Tuesday, February 5, 2013

Motion Sickness - The Taming of the Stomach

MOTION sickness, as many travelers know all too well, can strike on ships, trains, planes or in a car — whenever the balance center in the inner ear senses motion that the eyes do not. Those mixed signals, which are sent to the brain, can literally be sickening.


So, if you’re prone to motion sickness, don’t even think about reading on a winding road or on a bumpy flight; the words on the page are still, but your inner ear senses movement. The result can be nausea, dizziness, clammy hands and, alas, vomiting.
The most common advice for avoiding carsickness and seasickness is to look at the horizon, as that reference point makes it clear you’re moving. On a ship, it may be a good idea to stay out on deck where you can keep your eyes on the horizon. In a car, it helps to drive or sit in the front seat (as opposed to the back seat) since you can see farther ahead. On a plane, try to book a seat near the wings where it is more stable.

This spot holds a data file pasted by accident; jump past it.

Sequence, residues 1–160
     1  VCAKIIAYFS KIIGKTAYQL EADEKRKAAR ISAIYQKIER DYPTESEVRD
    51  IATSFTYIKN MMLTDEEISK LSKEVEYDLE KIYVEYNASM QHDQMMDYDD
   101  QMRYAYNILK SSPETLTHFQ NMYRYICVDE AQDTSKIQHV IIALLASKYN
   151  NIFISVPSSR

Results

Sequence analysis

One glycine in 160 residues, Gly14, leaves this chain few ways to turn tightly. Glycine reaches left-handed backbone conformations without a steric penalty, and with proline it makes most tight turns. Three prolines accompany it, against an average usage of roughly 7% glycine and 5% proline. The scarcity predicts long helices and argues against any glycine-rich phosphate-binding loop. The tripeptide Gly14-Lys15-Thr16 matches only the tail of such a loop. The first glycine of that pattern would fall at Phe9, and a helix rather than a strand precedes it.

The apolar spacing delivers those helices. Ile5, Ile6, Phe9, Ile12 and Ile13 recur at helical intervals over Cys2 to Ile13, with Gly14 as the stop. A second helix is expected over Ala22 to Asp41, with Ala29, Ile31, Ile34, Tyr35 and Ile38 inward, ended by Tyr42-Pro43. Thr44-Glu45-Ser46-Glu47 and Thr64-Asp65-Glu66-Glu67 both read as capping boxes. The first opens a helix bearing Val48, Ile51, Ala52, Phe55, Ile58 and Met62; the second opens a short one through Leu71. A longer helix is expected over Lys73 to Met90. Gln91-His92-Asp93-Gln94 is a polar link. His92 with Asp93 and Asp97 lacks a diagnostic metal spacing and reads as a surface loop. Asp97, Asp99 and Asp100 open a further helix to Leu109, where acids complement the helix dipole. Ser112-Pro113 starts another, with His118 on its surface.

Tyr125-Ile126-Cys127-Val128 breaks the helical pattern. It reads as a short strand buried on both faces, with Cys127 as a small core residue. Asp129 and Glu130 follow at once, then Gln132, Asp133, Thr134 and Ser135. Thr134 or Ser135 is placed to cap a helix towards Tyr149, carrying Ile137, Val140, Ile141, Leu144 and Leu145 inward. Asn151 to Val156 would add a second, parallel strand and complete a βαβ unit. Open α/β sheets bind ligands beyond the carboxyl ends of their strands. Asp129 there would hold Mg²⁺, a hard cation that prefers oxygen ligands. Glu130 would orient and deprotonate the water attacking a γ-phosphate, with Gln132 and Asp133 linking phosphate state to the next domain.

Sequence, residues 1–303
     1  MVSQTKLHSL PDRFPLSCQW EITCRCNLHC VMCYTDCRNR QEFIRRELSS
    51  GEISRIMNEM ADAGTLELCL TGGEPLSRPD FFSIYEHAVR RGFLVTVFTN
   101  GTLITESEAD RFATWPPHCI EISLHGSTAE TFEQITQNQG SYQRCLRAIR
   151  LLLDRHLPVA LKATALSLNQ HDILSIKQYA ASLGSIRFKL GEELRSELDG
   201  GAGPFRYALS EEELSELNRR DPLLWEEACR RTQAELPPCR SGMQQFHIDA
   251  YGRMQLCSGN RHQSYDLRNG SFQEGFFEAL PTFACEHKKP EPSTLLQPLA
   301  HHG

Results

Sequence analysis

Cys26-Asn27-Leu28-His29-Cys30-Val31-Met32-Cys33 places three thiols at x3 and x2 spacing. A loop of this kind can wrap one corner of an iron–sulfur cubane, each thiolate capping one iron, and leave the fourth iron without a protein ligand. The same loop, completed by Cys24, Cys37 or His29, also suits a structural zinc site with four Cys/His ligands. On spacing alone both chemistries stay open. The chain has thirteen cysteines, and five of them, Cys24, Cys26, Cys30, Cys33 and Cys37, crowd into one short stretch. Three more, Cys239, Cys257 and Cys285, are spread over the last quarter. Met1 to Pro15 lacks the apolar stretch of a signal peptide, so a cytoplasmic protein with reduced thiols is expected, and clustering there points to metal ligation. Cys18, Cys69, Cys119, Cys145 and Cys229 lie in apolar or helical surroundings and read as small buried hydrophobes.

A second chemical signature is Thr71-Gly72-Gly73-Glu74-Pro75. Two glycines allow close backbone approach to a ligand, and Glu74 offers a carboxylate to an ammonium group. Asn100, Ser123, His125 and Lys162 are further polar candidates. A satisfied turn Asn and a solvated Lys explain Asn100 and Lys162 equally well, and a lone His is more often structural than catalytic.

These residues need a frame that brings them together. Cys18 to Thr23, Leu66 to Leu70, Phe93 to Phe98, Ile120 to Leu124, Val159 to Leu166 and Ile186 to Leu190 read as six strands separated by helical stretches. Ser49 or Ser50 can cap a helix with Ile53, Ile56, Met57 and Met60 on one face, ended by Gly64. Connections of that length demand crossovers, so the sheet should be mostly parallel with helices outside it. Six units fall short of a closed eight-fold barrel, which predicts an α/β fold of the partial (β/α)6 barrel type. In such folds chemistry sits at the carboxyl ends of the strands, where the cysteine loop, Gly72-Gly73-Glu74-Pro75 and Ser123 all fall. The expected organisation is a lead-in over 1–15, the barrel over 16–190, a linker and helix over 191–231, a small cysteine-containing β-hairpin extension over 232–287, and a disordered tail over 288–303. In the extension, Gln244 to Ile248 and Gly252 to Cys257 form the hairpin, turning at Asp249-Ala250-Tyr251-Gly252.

Read more of Catherine St. Louis' New York Times article HERE.
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